air layering

Today we worked in the nursery learning new propagation techniques with Bambusa chungii, focusing on air layering. Air layering is a method used to sprout new roots from the bamboo culm itself, rather than from the root system. First you top (cut the tops off) the bamboo and cut back all the new shoots. Wait a few weeks and then come back to check if new branching has happened below the cut top. If so, then wrap the new branches with sphagnum moss, thoroughly soak with water, and wrap with tin foil. Leave the bottom tight and the top slightly open to collect rainwater.

With any luck, you should see some new root growth after a few months to two years (it depends on the rain, sun, and nutrients). Then cut down the culm below the moss/tin foil blob, trim the new branches that have their own root growth, and repot, making sure to trim extra leaf and branch growth, since the new roots can’t support too much greenery.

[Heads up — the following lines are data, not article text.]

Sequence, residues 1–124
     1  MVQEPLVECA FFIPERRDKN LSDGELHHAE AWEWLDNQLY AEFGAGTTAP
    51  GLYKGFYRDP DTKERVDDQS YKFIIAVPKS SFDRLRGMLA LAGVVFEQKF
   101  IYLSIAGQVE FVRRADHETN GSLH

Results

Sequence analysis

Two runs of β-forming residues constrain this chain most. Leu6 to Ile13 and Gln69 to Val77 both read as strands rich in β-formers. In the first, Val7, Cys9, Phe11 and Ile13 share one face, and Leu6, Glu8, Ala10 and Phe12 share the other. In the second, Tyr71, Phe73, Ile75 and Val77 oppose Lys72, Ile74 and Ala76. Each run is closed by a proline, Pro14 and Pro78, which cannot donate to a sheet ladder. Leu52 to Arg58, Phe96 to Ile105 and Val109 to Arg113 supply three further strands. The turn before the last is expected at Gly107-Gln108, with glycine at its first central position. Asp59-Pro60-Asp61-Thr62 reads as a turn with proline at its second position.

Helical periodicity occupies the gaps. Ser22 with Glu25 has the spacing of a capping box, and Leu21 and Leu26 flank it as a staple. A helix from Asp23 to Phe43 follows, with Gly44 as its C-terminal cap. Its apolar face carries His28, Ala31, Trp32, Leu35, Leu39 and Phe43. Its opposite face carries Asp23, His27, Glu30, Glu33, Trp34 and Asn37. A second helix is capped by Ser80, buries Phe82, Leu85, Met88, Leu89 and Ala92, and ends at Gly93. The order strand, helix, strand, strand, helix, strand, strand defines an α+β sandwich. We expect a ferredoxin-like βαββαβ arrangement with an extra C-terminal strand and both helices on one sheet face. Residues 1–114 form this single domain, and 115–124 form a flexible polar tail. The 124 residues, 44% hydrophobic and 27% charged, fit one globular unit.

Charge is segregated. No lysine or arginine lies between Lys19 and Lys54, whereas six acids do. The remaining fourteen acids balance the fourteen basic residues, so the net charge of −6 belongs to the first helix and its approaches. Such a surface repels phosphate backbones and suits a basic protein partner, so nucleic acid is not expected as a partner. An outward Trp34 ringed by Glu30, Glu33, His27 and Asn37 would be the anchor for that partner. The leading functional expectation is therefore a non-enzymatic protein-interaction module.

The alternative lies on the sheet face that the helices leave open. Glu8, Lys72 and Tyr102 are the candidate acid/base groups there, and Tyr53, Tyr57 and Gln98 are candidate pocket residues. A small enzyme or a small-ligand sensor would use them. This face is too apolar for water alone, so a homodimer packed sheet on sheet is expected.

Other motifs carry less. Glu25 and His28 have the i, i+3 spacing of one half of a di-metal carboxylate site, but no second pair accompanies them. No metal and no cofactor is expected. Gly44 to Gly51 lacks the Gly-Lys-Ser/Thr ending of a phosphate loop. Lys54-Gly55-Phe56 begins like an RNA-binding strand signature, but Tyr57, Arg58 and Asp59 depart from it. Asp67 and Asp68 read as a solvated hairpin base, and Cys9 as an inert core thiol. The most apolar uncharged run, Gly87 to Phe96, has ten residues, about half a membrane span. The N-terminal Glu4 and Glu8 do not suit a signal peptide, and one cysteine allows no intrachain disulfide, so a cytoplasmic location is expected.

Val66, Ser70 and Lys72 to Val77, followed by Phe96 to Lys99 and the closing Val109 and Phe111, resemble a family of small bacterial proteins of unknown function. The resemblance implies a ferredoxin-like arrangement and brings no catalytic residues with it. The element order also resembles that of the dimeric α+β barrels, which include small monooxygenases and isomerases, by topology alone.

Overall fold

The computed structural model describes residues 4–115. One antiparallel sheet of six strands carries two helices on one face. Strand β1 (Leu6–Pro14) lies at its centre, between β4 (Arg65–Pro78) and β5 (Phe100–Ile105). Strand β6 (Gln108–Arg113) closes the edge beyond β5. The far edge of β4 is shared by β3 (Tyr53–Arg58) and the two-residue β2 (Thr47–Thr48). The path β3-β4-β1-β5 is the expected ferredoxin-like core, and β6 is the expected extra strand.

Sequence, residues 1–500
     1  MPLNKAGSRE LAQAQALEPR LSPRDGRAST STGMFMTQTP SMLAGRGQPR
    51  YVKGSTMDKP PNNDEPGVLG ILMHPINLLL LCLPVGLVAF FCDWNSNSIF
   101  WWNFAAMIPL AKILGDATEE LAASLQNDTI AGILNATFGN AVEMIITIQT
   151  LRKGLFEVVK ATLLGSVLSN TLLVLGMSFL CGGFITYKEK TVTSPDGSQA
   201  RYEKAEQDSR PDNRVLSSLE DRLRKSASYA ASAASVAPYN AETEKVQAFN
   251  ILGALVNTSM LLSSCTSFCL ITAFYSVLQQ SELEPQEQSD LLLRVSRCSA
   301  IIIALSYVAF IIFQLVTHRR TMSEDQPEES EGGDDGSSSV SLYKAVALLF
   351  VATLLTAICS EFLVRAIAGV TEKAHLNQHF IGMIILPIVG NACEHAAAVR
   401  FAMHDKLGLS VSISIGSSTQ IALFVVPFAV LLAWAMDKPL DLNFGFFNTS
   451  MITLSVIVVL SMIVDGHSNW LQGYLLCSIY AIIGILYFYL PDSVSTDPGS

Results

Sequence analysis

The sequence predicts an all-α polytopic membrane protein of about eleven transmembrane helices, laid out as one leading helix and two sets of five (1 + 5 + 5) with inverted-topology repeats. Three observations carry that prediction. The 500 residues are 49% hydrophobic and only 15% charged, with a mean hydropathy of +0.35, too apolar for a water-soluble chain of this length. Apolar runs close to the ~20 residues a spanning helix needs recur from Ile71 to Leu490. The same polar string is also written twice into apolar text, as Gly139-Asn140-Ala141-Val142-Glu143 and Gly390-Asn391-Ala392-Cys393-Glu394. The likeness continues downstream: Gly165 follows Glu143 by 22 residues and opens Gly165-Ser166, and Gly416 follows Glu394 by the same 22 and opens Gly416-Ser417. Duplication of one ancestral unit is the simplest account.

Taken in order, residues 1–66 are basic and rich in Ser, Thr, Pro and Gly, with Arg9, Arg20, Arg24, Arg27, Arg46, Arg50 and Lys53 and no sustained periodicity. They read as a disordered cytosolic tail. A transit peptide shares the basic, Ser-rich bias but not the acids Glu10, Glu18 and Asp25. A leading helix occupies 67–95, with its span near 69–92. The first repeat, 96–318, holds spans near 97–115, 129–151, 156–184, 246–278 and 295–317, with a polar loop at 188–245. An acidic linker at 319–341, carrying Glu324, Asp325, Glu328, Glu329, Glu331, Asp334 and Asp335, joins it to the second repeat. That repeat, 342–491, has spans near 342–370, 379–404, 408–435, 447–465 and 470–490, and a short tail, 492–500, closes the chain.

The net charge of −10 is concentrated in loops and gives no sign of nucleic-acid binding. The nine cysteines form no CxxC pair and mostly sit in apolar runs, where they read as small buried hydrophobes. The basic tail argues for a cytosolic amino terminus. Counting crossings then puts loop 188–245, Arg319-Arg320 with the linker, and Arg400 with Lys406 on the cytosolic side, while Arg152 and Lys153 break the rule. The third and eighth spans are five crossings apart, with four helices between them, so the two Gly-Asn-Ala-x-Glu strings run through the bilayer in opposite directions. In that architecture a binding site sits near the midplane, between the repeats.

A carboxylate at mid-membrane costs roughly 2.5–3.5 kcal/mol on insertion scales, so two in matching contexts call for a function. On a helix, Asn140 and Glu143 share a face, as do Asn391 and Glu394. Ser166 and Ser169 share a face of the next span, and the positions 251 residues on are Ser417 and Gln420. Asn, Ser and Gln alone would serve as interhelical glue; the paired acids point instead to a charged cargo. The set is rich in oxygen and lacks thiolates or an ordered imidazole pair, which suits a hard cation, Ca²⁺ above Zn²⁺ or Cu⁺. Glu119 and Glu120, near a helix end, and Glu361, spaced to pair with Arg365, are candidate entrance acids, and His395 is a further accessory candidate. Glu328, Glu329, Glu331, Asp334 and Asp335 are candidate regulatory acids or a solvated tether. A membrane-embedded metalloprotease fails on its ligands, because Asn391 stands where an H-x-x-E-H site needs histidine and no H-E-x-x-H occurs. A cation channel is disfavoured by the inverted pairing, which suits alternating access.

After repotting the air layered chungii, we returned to our B. textillis Gracillis from last week and trimmed extra branch growth, to keep from overtaxing the roots.

We also dug up some Gigantochloa atroviolacea, one of our beautiful black bamboos, that was taking over the nursery, while our culinary specialists climbed up a starfruit tree to harvest lunch.

All photos © 2010 Dan Bloch

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